It is a small jump from regarding the Constitution as “living” — as swathes of the will-to-power Left unashamedly do — to regarding legislation  as “living,” too. This is a jump that many appear to have made. One of the more insidious developments of this presidential era has been the replacement of prescriptive, detailed, and fixed domestic law with bloated and open-ended legislation that is punctuated ad nauseam with instances of “the secretary shall.” As my colleague Andrew Stiles has noticed, the Senate’s desired immigration bill fits this new model of “living law” perfectly. He  writes:
The 844-page bill  contains 129 instances of what the DHS secretary “shall” do to implement its myriad provisions, 102 mentions of what she “may” do, and 35 cases in which implementation will be based on what the secretary “determines.” On five occasions, the bill affirms the DHS secretary’s “unreviewable discretion” to waive or alter certain provisions as she sees fit.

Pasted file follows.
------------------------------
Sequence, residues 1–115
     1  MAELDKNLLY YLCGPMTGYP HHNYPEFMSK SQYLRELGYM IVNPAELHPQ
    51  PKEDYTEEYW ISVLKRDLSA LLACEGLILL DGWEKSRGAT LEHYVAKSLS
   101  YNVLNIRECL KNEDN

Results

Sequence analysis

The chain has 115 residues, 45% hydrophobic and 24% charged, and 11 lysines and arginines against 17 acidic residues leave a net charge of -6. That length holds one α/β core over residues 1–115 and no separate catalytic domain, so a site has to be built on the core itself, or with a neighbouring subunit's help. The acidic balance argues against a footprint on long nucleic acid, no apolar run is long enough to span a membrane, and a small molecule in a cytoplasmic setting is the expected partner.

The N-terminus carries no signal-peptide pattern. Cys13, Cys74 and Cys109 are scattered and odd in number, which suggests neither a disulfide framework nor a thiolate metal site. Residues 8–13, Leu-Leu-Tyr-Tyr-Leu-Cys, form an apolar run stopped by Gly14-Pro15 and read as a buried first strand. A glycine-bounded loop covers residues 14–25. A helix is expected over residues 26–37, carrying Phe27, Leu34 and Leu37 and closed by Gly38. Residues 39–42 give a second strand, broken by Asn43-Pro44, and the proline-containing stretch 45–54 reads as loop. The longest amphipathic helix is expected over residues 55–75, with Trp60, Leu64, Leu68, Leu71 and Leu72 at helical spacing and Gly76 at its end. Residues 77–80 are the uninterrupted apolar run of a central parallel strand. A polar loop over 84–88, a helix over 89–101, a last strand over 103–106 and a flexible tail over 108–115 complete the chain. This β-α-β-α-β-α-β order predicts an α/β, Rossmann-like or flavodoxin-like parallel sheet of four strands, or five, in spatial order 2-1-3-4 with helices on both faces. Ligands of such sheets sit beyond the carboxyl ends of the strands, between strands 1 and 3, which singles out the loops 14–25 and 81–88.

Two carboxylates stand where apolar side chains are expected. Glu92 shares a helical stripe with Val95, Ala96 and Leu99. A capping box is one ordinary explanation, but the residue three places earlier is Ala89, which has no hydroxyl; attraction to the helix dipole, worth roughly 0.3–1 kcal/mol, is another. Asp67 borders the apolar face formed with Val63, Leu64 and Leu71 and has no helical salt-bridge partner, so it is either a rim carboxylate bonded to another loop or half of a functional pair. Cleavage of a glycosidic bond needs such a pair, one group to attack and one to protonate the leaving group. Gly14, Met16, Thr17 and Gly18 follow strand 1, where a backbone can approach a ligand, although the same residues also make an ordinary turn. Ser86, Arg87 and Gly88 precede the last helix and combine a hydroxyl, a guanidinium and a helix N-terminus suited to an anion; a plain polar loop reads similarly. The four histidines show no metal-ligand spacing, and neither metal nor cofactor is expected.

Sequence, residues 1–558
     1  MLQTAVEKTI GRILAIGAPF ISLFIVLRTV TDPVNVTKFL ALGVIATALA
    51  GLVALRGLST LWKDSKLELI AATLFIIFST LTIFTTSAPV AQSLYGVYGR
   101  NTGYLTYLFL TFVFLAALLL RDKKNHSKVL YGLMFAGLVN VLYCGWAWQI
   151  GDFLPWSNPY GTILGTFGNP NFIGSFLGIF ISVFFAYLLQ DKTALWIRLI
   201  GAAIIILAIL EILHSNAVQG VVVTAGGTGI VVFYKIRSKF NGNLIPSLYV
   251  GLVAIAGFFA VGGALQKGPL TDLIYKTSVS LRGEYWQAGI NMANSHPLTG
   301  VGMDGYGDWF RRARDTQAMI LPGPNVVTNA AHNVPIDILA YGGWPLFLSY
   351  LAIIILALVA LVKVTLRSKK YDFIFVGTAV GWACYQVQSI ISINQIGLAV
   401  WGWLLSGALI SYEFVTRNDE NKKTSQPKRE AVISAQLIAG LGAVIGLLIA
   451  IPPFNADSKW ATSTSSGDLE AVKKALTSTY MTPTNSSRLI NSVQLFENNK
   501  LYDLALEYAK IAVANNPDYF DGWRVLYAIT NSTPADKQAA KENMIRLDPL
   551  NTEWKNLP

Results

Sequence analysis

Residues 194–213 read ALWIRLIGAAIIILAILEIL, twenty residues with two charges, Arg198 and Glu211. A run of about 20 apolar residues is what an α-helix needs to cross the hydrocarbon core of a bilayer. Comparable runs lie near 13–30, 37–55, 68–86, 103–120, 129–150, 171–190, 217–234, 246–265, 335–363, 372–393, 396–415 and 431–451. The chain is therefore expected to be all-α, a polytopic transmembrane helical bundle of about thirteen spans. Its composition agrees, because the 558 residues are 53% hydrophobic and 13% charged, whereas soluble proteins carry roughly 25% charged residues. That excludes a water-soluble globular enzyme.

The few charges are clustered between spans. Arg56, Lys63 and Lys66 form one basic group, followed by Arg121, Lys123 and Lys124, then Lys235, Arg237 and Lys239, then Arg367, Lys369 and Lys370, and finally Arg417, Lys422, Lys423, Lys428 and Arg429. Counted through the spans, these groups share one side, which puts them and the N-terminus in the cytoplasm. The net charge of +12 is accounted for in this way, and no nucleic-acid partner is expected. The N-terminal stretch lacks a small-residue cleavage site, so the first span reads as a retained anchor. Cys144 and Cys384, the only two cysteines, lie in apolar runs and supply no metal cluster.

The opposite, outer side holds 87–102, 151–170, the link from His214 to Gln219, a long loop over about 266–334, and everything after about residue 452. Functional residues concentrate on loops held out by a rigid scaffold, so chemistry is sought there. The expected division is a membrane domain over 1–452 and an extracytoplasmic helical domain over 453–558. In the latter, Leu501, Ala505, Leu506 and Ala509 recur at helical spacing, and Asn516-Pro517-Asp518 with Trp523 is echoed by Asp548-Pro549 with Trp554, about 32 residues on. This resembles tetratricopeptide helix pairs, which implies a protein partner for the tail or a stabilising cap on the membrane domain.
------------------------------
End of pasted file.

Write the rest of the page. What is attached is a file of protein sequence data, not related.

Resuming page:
This should come as no great surprise to anyone. Obamacare, which makes the Senate’s immigration bill look like an exercise in legislative restraint, contains over 2,500 references to the secretary’s discretion, 700 cases in which the secretary “shall,” 200 instances in which the secretary “may,” and 139 cases in which the secretary “determines.” Its twin, Dodd-Frank, which effectively allows an unelected Consumer Financial Protection Bureau to police the personal-finance sector, is little different, aggregating the power of the three branches into one, stripping Congress of its traditional capacity to set an agency’s budget and severely limiting the courts’ opportunity to review the CFPB’s legal interpretations. This is law, Jim — but not as we know it.